Sri Lanka’s top leaders hold reconciliation talks
Colombo: Sri Lankan President Mahinda Rajapaksa and UNP leader Ranil Wickremesinghe on Monday held talks here to resolve differences over opposition`s participation in a parliamentary panel to hammer out a solution to the Tamil issue.
Wickremesinghe led a United National Party (UNP) delegation to the `Temple Trees`, residence of Rajapaksa at his invitation.
The two sides discussed Rajapaksa`s move to convene a Parliamentary Select Committee (PSC) to hammer out a solution to the problems concerning the Tamil minority.
Sources said that outlining his reasons to convene the PSC, the Sri Lankan President told the UNP that the bilateral talks took place between the TNA, the main Tamil party and the Sri Lanka Freedom Party (SLFP), the dominant party in the ruling UPFA alliance, and not between the government and the TNA.
Therefore the talks need to be expanded to include all political parties.
The UNP sources said that the President invited them to take part in the PSC and the UNP assured that opposition could take part in the PSC process if the government was able to take meaningful steps to create conditions conducive for its participation.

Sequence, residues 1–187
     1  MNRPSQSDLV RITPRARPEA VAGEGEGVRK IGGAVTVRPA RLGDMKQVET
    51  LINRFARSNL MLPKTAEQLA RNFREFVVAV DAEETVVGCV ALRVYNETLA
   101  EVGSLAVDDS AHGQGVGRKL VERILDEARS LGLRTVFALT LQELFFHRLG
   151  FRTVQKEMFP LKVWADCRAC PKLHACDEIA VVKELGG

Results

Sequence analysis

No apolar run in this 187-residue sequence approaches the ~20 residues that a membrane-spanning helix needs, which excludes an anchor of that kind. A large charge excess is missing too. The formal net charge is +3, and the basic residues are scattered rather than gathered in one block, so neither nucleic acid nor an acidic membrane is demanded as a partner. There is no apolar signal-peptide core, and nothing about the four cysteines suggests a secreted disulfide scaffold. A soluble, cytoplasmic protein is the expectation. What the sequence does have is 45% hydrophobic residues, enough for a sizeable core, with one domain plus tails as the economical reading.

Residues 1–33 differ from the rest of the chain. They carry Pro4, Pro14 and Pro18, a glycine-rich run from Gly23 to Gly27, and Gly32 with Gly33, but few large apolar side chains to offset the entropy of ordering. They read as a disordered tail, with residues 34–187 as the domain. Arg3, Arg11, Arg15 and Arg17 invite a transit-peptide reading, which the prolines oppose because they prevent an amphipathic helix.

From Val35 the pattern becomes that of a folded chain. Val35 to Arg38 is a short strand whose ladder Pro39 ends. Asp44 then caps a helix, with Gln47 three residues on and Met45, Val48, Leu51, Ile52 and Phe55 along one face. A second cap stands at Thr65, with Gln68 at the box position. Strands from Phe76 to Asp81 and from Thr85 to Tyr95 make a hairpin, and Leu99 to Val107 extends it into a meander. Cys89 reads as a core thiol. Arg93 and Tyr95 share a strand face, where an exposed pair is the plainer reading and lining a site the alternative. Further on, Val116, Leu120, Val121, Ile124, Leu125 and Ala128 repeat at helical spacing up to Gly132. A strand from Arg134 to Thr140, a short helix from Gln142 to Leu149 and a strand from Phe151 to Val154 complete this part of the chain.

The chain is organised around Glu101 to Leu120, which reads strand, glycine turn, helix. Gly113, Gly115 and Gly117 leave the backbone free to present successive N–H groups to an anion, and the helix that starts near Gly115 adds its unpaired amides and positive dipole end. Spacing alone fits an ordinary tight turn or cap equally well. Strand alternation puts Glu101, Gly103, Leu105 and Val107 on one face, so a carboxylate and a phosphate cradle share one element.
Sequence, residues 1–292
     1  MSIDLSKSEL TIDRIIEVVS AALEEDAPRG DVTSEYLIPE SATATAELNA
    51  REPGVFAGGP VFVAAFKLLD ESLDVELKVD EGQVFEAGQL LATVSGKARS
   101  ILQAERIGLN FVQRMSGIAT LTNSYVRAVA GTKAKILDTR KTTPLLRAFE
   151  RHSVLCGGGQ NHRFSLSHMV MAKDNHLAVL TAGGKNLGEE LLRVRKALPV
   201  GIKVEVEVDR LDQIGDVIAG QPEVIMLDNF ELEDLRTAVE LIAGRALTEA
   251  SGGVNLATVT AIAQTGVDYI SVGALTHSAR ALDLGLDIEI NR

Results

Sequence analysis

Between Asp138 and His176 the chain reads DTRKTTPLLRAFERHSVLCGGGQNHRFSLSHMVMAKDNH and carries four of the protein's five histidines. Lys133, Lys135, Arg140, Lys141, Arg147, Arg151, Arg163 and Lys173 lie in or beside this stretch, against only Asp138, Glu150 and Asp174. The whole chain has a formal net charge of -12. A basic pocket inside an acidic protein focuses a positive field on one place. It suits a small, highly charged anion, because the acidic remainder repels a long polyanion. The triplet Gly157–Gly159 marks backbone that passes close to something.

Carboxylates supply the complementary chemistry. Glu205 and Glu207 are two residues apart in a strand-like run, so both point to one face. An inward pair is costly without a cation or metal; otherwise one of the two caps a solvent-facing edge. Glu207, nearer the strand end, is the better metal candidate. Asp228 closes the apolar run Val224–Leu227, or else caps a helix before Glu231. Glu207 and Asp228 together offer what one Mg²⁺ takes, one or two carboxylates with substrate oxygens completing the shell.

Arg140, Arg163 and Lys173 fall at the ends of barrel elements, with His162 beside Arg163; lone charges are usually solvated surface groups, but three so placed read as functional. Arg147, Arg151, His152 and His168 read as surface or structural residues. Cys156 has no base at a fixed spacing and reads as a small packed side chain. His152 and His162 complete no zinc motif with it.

The UNP had held that participation of TNA in the process was imperative and that government must take action to implement the Lessons Learnt and Reconciliation Commission (LLRC) recommendations on which both the government and the opposition held common ground.
Ever since the idea for a PSC was mooted doubts always lingered about the opposition`s participation.
The Tamil National Alliance (TNA) maintains that agreement from their bilateral talks with the government should be the basis for setting up the PSC agenda.
The SLFP-TNA talks remain stalled since January of this year. The talks achieved only limited progress since they began in January of 2011.
However, Rajapaksa is averse to formulating a solution based solely on government`s talks with the main Tamil party.
The Sri Lankan President contends that any solution formulated only with limited consultations may not achieve wider acceptance.
The TNA on the other hands points to various instances of stalled reconciliation talks at different times.
In a related development, External Affairs Minister GL Peiris departed here today on a four day visit to Washington.
He will meet US secretary of state Hilary Clinton on May 18. Sri Lanka is expected to apprise the US government on the steps taken by it to implement the recommendations of the LLRC.
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